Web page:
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FDA Funding Confronts the “New Normal”

September 9, 2011

Over the last 5 years, FDA has been one of few discretionary programs to receive substantial funding increases. This reflected both Congressional and Executive Branch recognition that the agency was dramatically underfunded for its growing responsibilities in an increasingly complex world. FDA still needs more resources, even though the downward budgetary pressures have become significantly greater.

“Downward budgetary pressure” is, of course, a euphemism. Chairman Kohl, in his opening remarks at the Senate mark-up, was far more direct, referring to the austerity required to reduce the federal deficit and live within our nation’s means. As I believe will be clear as the Congressional “supercommittee” takes up its deficit reduction work … there is no one in either party who thinks that annual federal deficits exceeding $1 trillion are acceptable. Even among those who think the gap should be closed primarily by taxes or entitlements, there is a strong belief that discretionary spending will need to be cut far more deeply.

This is frustrating for the Alliance — we are arguing for funds for an agency whose responsibilities are increasing every year. Some of this comes from important new mandates (e.g., the Food Safety Modernization Act, the new bio-similars approval pathway, advancing medical countermeasures against bioterrorism). However, FDA’s expanding mission is at least equally driven by pressures that are beyond Congress’ ability to control: globalization, increasing scientific complexity, and expansion in the size and activities of the regulated industries.

What we confront is the “new normal” in government spending. Federal programs are going to shrink and some will disappear. Hill staff tell us that “the easy cuts” have already been made. Programs that have survived to this point will continue to be subjected to an often-brutal pruning that will, in effect, determine our national priorities. Every one of the dollars that are cut in FY 12 (and FY 13, FY 14, etc.) will be a dollar that was important to someone, whether we personally agree. There is no alternative to Congress and the federal government but to turn away from important activities that are, nonetheless, too expensive in the aggregate to be continued.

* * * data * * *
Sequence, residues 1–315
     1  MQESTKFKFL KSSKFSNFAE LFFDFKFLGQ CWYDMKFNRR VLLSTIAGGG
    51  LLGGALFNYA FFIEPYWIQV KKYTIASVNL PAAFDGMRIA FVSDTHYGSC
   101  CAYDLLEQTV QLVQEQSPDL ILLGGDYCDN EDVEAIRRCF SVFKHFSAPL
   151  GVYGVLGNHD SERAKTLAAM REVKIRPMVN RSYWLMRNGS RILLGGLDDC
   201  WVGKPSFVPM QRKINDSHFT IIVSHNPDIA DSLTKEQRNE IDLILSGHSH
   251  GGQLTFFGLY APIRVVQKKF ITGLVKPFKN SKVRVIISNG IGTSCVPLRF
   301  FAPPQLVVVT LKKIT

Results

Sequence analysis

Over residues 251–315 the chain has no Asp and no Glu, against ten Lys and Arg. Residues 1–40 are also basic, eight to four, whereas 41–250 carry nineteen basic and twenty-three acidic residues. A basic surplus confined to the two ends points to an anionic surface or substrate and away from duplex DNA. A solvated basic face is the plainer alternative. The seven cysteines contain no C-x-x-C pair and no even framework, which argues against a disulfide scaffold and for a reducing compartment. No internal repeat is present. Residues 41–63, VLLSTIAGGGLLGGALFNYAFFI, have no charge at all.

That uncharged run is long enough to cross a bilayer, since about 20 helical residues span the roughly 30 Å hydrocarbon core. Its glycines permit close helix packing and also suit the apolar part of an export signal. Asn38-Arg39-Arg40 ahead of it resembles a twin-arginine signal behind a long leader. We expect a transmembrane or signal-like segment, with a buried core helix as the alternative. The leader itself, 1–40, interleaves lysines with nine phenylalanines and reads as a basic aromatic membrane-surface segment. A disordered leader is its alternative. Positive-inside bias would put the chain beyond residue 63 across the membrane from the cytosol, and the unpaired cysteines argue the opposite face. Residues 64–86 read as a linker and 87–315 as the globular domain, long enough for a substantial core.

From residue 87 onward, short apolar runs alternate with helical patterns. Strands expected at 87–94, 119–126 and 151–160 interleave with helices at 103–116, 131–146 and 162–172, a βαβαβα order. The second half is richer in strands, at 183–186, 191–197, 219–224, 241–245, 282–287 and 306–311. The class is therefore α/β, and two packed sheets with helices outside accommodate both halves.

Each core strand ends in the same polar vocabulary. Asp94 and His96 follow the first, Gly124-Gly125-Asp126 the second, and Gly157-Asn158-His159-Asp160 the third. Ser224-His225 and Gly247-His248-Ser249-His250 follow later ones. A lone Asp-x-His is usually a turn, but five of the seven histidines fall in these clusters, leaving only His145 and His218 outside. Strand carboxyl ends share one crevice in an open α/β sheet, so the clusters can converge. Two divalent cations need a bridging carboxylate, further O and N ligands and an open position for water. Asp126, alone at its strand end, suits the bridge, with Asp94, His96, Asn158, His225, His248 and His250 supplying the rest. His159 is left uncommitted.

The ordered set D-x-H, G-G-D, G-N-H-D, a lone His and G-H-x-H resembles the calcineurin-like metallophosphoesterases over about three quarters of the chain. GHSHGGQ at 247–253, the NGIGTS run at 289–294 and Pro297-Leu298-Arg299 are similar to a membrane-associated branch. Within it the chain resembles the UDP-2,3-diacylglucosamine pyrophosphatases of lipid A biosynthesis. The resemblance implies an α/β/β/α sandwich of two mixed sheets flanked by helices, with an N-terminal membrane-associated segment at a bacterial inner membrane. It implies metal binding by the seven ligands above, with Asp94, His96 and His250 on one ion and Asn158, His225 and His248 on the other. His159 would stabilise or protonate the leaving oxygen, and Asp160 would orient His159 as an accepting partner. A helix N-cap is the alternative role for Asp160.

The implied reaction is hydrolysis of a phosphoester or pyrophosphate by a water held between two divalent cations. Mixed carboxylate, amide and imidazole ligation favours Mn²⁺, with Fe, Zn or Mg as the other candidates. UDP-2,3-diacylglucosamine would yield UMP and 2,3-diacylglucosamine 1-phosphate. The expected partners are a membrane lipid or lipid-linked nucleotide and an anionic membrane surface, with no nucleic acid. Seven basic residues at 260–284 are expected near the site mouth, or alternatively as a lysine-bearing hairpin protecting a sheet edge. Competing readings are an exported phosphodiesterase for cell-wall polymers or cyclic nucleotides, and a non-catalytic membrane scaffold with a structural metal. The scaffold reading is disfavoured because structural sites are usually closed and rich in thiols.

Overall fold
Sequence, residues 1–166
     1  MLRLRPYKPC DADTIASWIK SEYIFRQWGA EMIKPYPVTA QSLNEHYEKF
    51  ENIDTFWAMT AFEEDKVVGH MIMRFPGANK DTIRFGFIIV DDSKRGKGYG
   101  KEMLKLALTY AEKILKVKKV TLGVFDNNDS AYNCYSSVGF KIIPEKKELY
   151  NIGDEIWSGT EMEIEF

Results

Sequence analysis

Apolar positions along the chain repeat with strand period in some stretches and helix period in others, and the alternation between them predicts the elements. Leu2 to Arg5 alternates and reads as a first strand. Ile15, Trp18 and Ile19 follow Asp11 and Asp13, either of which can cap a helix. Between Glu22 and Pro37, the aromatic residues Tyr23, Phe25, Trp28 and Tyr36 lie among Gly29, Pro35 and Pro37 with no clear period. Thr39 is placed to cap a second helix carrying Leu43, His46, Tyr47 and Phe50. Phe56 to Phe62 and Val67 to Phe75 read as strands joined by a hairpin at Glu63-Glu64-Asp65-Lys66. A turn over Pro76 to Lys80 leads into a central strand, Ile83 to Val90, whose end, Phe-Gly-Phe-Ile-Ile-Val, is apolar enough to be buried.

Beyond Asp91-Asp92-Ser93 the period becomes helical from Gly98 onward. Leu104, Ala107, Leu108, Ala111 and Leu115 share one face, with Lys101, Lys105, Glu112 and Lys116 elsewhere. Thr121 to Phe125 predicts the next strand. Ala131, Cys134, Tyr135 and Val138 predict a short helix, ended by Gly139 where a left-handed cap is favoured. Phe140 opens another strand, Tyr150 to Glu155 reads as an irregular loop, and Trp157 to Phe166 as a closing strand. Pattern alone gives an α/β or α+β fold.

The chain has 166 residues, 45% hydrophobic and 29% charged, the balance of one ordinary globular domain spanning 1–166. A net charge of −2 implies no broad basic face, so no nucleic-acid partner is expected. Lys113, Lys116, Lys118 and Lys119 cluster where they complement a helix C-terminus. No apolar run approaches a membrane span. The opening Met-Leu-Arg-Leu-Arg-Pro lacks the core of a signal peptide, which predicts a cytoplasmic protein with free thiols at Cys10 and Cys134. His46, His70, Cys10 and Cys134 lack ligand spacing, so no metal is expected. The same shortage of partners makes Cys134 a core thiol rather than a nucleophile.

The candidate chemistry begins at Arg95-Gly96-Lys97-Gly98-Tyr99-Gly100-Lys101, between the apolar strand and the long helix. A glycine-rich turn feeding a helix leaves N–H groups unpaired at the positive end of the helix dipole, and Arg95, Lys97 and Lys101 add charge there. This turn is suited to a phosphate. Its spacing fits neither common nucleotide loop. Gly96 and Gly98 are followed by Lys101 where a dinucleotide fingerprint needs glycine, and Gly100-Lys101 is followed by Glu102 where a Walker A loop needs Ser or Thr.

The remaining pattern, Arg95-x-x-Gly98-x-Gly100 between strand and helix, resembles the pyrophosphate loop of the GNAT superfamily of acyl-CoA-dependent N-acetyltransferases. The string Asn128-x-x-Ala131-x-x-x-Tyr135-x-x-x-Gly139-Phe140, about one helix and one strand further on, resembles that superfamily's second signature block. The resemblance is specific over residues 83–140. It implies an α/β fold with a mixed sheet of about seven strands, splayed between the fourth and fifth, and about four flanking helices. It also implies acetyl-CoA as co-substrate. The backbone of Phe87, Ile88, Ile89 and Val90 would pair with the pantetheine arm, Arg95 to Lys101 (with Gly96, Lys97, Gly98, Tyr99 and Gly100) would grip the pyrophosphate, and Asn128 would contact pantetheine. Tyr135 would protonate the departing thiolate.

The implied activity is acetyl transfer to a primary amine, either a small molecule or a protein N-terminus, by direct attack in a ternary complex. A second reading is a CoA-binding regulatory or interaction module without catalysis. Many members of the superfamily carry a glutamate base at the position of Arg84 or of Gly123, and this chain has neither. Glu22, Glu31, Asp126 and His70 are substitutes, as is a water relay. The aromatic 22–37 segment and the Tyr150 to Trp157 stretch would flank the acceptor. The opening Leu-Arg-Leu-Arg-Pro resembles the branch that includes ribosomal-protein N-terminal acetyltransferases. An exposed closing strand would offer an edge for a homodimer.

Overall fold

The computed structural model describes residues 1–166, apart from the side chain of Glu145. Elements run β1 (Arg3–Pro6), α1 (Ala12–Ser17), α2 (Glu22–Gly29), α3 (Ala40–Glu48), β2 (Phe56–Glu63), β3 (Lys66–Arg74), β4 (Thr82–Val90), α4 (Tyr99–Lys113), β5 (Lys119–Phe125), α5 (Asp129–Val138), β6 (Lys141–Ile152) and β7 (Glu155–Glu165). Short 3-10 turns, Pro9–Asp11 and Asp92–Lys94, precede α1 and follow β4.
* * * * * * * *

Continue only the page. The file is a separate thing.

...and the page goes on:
The Alliance’s goal is to have the FDA seen as being in a separate category, one that reflects the centrality and indispensability of the agency to the everyday life of every American. If you consume food (and we all must), then you are dependent on FDA’s activities that make our food supply safer. If you have a chronic or acute medical condition, then you are dependent on FDA to make good judgments about the pre and post-market safety and effectiveness of medical products. These are the FDA’s efforts that receive the most attention, but we are all dependent (as well) on an even broader set of agency responsibilities. These range from vaccines to nutritional supplements, cosmetics to radiation-emitting devices, animal medicines to combating bioterrorism. The Alliance has also documented the enormous economic impact of FDA regulated industries.

As we adjust to the “new normal” in federal spending, we have two important supports for our efforts. First — as was demonstrated in the Senate — policymakers continue to believe in the agency, its mission, and the necessity for increased funding. Second, it is possible to anticipate the severe consequences that would come from underfunding FDA. There is no other government agency to pick up the slack … and for the most part, FDA is performing services that industry itself sees as governmental and not capable of being duplicated in the private sector. FDA standards protect the American people (and, really, people around the world). Those standards also assure a level playing field for companies that want to produce high-quality products.

The “new normal” will mean austerity for FDA. It will mean that the agency will have to find ways to do its job more efficiently. Some programs and activities within the agency will need to be reduced or eliminated. Nonetheless, as an Alliance, we are right to insist that FDA funding must continue to match what it is being asked to do and, therefore, continue to grow. Together, we can make sure that policymakers understand and support the agency

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